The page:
Three times is usually the charm. You will usually get to the core of something in three goes. For some people, this process works better if they use the question "why is that important?"
At this point, you have a good idea of your goal.
But to be flexible, you need to understand the goals of the other parties. After you have been clear about the issue, you will need to do some listening and asking of questions, until you understand the other person's goal the same way you understand your own.
Being assertive means thinking win/win.
Once you are clear about your goal, and clear about the goals of the other parties, you can move on to discussing the options for accomplishing everyone's goals.
If you have done the early parts of the conversation effectively, this is the shortest and easiest part of the whole thing!
But It's Not All Beer And Skittles
Being assertive also means being willing to walk away if you can't get a solution that works for you.
If the issue is the cap on the toothpaste, then walking away won't mean filing for divorce. Usually.
You need to think this through in advance - what will you do if the person simply won't negotiate? Just continues to do something you find intolerable?
Think about what you would need to do to live with this situation, or this behaviour continuing indefinitely.
In the case of the toothpaste, it might be as simple as hiding a tube for your own use, and then you know it has always had its cap on.
In the case of something larger, like gambling away the rent, it might be that if you can't be confident of the rent being paid, you will move somewhere else. Only say this if it's true - you can't go on living with the uncertainty - and you are willing to follow through. Threats you don't carry out are not assertiveness, they are manipulation.
Whatever it is that you ar going to do if this negotiation doesn't work out, you have to be mentally prepared to do it.
The other person will be able to tell, instantly, from your subconscious signals, whether you are going to follow through. If you have already called around, know which friend you are going to stay with, have the forms to apply for government assistance, and have advice from legal aid as to your rights, you won't have to tell the other person you've done your homework. Your posture, tone of voice and aura will do the telling for you.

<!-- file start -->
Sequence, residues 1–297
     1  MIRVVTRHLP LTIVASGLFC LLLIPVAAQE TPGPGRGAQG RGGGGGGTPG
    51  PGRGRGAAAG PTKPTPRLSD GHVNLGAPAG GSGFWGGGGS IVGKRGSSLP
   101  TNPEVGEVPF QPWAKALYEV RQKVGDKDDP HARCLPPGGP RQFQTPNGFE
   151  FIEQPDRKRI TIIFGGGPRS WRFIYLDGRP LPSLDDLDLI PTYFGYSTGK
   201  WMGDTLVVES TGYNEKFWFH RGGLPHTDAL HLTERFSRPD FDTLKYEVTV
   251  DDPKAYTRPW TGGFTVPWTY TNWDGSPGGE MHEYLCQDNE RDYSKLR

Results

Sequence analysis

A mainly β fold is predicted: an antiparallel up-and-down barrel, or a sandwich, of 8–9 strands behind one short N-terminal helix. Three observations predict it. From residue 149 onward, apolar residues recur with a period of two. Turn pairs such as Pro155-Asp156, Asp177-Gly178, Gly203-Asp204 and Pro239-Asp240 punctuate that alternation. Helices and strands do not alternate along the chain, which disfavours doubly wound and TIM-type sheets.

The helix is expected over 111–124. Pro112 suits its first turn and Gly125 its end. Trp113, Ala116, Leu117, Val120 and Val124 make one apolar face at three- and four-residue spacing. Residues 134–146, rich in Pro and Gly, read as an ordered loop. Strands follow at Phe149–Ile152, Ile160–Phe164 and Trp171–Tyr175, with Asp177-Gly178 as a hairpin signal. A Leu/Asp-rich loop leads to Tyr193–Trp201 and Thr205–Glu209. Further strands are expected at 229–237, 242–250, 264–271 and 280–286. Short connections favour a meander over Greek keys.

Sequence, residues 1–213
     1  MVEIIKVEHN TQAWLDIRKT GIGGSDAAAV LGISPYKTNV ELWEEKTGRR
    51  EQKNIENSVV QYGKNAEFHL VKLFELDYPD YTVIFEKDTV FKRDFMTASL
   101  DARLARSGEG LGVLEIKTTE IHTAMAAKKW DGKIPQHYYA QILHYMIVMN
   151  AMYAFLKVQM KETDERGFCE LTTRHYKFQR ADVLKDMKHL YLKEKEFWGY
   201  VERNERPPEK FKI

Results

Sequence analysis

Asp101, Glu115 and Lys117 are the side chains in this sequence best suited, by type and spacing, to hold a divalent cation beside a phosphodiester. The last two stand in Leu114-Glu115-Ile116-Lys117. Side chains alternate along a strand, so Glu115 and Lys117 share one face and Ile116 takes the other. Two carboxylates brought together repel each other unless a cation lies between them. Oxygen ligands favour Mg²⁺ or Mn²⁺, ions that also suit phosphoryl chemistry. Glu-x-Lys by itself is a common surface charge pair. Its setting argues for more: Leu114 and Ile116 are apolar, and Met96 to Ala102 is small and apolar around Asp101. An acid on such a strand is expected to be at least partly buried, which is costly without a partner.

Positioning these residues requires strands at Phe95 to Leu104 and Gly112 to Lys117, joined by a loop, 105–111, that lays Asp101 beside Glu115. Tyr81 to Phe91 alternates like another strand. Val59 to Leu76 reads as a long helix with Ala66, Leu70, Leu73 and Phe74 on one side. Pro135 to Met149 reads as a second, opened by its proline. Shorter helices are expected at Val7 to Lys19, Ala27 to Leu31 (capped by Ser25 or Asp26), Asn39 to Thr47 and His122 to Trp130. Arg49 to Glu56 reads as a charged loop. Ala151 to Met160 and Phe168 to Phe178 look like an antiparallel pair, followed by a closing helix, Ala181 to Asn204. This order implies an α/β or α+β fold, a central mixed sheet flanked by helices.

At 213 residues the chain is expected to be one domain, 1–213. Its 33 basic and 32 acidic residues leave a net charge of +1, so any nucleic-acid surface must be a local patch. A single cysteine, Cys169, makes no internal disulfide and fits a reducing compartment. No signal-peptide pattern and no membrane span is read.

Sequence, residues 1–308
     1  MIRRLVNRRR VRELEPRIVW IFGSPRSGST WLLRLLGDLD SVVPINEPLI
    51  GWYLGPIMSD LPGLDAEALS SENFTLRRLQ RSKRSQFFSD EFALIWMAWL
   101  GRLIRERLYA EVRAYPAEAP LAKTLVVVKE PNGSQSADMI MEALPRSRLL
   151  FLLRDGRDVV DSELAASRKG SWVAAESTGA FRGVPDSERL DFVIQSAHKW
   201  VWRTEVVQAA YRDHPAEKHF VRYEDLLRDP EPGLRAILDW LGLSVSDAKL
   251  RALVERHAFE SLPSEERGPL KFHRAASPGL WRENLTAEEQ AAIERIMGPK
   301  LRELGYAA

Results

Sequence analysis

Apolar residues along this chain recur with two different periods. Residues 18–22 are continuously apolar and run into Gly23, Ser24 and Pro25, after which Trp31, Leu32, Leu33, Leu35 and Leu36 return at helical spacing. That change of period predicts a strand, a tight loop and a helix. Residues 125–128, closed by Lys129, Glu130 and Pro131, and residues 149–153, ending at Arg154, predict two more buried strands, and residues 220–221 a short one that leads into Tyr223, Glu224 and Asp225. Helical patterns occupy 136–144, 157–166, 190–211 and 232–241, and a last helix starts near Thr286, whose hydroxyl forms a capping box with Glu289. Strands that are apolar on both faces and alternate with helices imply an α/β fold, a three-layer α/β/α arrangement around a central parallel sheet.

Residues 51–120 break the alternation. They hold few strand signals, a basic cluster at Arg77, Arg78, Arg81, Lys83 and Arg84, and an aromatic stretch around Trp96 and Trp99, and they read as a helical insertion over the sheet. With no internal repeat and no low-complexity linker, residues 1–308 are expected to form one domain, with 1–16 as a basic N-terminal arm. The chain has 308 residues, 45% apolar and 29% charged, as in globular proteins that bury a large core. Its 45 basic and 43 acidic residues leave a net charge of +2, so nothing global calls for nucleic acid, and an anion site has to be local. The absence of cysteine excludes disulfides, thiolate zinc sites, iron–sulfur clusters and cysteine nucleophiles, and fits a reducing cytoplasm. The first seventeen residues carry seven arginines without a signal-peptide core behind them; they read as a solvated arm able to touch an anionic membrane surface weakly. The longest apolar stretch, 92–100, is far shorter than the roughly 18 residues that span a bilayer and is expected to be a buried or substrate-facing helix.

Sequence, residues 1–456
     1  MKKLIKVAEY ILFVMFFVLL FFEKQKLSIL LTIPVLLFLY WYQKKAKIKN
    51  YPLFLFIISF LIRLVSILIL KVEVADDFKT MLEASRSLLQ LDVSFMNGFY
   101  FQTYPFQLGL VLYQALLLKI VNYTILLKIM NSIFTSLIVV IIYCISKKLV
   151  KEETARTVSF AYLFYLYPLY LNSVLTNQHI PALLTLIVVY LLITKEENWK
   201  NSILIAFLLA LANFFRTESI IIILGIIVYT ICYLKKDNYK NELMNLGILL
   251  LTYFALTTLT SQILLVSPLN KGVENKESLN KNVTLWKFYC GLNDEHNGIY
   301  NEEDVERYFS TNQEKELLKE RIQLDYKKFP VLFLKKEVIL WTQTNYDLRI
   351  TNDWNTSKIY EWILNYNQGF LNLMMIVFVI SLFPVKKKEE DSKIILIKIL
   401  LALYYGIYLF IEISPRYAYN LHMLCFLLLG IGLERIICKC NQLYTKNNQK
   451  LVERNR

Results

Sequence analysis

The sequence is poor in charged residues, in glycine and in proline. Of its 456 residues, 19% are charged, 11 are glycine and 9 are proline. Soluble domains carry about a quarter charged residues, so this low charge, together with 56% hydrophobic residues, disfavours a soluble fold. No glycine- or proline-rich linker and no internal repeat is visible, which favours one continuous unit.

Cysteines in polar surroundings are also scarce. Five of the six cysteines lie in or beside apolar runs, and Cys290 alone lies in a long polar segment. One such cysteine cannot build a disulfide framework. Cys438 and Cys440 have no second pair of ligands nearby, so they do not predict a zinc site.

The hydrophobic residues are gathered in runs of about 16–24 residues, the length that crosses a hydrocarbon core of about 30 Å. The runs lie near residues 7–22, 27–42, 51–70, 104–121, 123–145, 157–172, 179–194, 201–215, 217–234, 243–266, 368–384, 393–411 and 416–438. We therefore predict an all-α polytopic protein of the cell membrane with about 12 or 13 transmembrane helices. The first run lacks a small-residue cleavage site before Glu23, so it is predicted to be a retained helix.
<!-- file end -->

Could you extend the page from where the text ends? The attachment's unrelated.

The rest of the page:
It's best NOT to talk about what you will do if the conversation doesn't work out, because it can sound like threats or blackmail. You don't need to say it, just know it.
Six Ways To Go Wrong With Attempts At Assertiveness
Here's how to do assertiveness all wrong and fail to get your needs met:
1. Avoid thinking about the issue in advance so you can be unclear on the issue, and have no plan for what you will do if the negotiation fails.
2. Be angry, blaming, critical or judgemental when presenting the issue.
3. Be rigid and demanding about the solution to the issue.
4. Refuse to listen to or have compassion for the other person's feelings.
5. Fold up and back down when the other person gets emotional.
6. Don't follow through with the consequences when the other person keeps on doing (or not doing) the thing.
Bonus "going wrong" points if you then refer back to their continued doing (or not doing) of this issue when attempting to be assertive about other issues in the future!
In Summary ...
Listen and be flexible.